ALEC in The Center Square: Arizona lawmakers eyeing budget surplus to pay pension debt
The report, published by the American Legislative Exchange Council (ALEC), estimates Arizona’s public pension funds have $133,128,569,668.52 in unfunded pension liabilities – meaning more expected retirement payouts coming than assets.
The Center Square
Jun 10, 2022
By: Cole Lauterbach
Arizona lawmakers are in the final weeks of budget negotiations where they’ll decide how much of the state’s more than $5 billion surplus they want to contribute to what a new report estimates is more than $133 billion in unfunded pension liabilities.
The report, published by the American Legislative Exchange Council (ALEC), estimates Arizona’s public pension funds have $133,128,569,668.52 in unfunded pension liabilities – meaning more expected retirement payouts coming than assets – as of fiscal year 2020. ALEC lists Arizona’s funded level at 26%, better than 15 other states.
Public pensions estimate their funding levels differently than ALEC did in its report. The nonprofit uses “risk-free” rates of return as an estimate of how much a pension’s investments will get back from market growth, while funds typically use a percentage that assumes much higher earnings.
According to U.S. Census Bureau data from 2020, Arizona’s state and local pension systems paid $4.8 billion into pension plans. Amid budget talks, lawmakers say they’re prepared to include more than $1 billion in additional pension funding.
“Unfunded liabilities are unappropriated and unauthorized expenses for taxpayers, but it is debt because the State must eventually pay them one way or another,” said Senate President Karen Fann, a Prescott Republican who also chairs ALEC.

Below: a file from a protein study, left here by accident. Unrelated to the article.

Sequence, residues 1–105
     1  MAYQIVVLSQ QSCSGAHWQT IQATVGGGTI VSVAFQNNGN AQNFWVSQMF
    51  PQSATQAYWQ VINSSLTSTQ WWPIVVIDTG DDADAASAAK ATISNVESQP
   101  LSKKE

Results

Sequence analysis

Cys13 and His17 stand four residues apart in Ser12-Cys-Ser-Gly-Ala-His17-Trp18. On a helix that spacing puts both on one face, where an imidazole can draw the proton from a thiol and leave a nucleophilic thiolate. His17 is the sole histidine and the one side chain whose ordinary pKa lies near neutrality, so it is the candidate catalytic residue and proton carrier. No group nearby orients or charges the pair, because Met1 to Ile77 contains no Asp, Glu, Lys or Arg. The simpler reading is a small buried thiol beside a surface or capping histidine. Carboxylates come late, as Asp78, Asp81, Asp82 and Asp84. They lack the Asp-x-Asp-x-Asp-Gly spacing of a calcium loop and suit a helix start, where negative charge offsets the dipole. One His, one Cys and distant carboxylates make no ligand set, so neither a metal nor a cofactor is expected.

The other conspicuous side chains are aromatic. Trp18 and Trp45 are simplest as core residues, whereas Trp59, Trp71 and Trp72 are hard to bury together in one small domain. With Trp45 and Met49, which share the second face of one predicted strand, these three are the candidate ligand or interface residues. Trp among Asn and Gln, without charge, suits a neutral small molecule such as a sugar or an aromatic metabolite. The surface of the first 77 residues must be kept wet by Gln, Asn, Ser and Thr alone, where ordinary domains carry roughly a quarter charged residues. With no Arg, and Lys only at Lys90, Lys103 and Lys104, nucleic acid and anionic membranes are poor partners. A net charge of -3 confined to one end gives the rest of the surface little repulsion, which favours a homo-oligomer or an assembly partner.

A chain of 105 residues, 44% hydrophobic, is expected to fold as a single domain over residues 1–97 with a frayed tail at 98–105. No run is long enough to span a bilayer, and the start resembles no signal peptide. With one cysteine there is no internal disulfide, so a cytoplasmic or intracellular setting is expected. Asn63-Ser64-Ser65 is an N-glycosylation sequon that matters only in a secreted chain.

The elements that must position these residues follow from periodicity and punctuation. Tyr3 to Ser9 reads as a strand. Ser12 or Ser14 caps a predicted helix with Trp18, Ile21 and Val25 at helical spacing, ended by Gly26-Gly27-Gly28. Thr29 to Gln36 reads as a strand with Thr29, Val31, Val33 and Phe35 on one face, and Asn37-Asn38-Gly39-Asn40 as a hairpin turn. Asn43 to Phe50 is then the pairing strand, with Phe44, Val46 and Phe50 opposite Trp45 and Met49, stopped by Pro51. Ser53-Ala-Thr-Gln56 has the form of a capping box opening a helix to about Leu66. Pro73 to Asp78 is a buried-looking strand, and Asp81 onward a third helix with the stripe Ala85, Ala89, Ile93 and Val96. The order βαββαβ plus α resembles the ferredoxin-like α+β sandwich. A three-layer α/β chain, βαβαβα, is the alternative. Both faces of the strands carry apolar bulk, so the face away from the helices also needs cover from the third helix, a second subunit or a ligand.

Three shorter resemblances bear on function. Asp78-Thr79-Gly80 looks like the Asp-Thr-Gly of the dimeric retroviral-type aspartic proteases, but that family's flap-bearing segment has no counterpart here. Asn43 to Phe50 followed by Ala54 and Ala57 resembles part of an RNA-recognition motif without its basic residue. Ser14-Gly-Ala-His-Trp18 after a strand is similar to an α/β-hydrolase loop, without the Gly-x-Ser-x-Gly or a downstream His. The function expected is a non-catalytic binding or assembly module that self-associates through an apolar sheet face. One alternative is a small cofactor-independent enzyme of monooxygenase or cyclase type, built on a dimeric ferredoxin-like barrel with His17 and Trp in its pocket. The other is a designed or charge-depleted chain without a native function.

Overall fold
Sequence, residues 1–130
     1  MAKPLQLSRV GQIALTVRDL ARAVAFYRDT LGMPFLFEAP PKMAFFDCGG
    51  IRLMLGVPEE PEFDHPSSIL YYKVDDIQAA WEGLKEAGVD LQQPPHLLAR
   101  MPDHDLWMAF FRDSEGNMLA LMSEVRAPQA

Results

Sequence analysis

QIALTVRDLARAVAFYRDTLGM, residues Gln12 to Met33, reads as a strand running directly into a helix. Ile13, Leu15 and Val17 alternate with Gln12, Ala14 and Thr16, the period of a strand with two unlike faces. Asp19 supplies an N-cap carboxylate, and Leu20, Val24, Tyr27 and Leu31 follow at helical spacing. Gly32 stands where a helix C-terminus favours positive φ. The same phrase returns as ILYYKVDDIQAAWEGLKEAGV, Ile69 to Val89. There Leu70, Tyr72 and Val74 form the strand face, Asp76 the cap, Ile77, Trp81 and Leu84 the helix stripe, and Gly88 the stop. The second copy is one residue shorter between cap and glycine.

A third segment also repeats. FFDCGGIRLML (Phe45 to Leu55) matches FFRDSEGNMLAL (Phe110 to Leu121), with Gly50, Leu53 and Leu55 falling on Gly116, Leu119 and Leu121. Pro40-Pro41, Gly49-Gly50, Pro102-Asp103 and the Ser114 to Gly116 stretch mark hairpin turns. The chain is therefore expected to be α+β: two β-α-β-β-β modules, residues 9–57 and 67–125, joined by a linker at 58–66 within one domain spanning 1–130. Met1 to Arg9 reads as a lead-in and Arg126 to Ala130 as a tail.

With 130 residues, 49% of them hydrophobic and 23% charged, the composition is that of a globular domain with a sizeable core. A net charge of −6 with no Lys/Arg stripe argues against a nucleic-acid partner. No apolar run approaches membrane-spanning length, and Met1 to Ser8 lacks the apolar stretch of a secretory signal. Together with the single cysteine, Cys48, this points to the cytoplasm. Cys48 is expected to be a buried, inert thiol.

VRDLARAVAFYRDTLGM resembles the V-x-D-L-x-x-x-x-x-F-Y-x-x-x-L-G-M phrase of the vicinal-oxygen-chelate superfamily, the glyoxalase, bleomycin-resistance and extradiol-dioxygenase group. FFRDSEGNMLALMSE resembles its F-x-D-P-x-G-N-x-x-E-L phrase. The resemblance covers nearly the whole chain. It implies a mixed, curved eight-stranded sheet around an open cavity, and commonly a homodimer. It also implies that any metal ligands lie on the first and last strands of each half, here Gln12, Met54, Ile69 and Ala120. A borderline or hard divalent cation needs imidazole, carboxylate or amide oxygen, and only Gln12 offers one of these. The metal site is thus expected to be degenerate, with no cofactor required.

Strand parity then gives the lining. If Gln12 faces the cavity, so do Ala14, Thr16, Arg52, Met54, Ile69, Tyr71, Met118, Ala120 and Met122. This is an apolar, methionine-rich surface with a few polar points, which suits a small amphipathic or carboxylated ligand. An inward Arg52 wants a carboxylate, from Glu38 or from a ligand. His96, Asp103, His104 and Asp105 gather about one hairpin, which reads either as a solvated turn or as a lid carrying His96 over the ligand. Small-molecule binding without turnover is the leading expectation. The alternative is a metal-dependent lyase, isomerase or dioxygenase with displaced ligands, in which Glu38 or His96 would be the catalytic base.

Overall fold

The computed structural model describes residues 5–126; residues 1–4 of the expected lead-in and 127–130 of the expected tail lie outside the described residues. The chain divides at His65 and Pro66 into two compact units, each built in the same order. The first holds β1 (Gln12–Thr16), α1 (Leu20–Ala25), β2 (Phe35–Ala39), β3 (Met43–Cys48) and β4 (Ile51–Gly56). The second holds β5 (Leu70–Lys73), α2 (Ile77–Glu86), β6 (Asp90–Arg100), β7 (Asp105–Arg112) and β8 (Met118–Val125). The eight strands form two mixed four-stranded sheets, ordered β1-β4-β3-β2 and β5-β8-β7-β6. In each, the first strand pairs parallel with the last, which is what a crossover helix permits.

On Friday, she told The Center Square that “Arizona is making great strides to make sure we don’t need to increase taxes in the future to pay for benefits authorized in the past, by using one-time surpluses to pay down unfunded liabilities.”
Fann said via email that lawmakers expect a one-time $1.1 billion payment that would pay down “all the state agency public safety unfunded liability.”
Rep. David Cook, R-Globe, said lawmakers are eyeing a $1.3 billion one-time payment on top of annual contributions.
In the June 8 report, ALEC pushes states to abandon defined-benefit retirement plans in favor of 401(k)-style plans more common in the private sector.
“States are obligated to pay pension promises, often by state constitution or statute. There are important reforms that can prevent unfunded liabilities from growing in the future,” the report said. “By offering new employees sustainable plans, such as hybrid and defined contribution plans—similar to how 401(k) plans work in the private sector – states can prevent the rapid growth of unfunded liabilities.”
The states with the highest level of unfunded pension debt are California ($1.53 trillion), Illinois ($533.72 billion), Texas ($529.70 billion), New York ($508.70 billion) and Ohio ($429.53 billion).